Thursday, September 7, 2017

No Community Over Community Day

At the August meeting of the Common Council Arts, Entertainment & Tourism Committee, committee chair John Friedman (Third Ward) presented the draft of a resolution that would end the practice of the committee parceling out $20,000 to organizations that produce public events and festivals in Hudson in favor of investing $20,000 in staging a Community Day in riverfront park. At last night's AET Committee meeting, the discussion of that resolution, the second item on the agenda for a meeting that is meant to last forty-five minutes, took up more than an hour.

Representatives of the Hudson Opera House--executive director Gary Schiro, co-director Tambra Dillon, and long-time HOH board member Ellen Thurston--were at the meeting to voice their objection to eliminating City funding for community events. For the past nineteen years, the Hudson Opera House (now calling itself Hudson Hall) has been producing Winter Walk--an event that brings thousands of people to Hudson on the first Saturday in December and is responsible for many people discovering Hudson and is credited with helping transform Hudson's image from, as our own 2002 Comprehensive Plan acknowledged, a city perceived as "unsafe and unpleasant" to the destination it is today.

The question of City funding for events often gets conflated with the issue of events interfering with business on Warren Street. Three of the Whereases in the proposed resolution (the Whereases being statements to justify the proposed action) support that connection:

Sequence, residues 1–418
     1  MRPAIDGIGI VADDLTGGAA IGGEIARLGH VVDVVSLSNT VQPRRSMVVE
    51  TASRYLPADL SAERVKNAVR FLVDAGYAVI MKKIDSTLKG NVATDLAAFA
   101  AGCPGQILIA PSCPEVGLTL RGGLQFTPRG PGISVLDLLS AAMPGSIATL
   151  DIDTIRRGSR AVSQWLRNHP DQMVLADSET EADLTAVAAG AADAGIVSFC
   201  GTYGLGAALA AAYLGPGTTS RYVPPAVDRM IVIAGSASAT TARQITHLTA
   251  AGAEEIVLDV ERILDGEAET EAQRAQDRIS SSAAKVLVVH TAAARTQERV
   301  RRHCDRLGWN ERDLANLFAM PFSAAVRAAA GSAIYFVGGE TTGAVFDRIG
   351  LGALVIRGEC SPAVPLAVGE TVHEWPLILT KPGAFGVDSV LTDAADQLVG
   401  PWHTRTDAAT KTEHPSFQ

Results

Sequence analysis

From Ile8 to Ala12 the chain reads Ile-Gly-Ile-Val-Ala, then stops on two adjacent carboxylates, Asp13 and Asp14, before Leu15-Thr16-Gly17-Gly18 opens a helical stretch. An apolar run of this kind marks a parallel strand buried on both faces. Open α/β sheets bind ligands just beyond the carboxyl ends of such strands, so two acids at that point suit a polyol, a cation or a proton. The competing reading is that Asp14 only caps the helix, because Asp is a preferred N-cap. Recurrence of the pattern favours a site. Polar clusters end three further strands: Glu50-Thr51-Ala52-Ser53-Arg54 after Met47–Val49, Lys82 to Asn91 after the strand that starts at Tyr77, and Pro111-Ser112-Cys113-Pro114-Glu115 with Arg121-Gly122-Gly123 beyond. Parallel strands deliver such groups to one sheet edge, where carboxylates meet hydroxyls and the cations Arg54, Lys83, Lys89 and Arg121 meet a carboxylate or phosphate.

WHEREAS, these events often take place on the city's main commercial thoroughfare; and
WHEREAS, these events often take place on Saturdays in the nicer months of the year; and
WHEREAS, the timing of these events often poses problems for the Warren Street merchants due to street closures on what would otherwise be busy shopping days; . . .
Speaking to what seemed to be the motivation for the proposal to end City funding, Sarah Dibben, co-owner of Moto Coffee and before that Swallow, read a statement in which she took issue with the premise that events interfere with business, asserting "parades are one of the things that make Hudson enjoyable." Friedman responded, "They can do events if they want. The City just isn't going to fund them."

One of the assumptions of the committee in contemplating this action was that successful events would happen with or without City support. This was articulated last night by committee member Rick Rector (First Ward) when he posited, "Winter Walk will go on regardless." Dillon countered, "That's not true." Schiro revealed that the budget for Winter Walk was between $60,000 and $70,000, and sponsorship is one third of that number. He cited similar events in nearby communities, among them Sinderklaas! in Rhinebeck, which he said "get robust support from community government." (For 2017, Winter Walk will receive $5,000 from the City of Hudson.) Schiro told the committee, "We've lost money every year we've produced this. The City has a responsibility to support [Winter Walk]. We have always done this because it's good for the city." Shaina Marron, who organizes the Halloween Parade, told the committee, "It's an important gesture that the City supports events. . . . I can't think of a better way to spend $20,000." (The Halloween Parade will receive $850 in 2017.)

During the course of the discussion, the issue seemed to boil down a problem of process and accountability. Friedman told Schiro, "The problem is the way we do it. . . . The way we've been doing it doesn't give the kind of bang for the buck that we're looking for." He maintained that "the purpose of the money is to support the community." He alleged that the committee had no way of knowing how the money was actually spent and complained, "This committee should not be giving money to events if they don't know how to do it."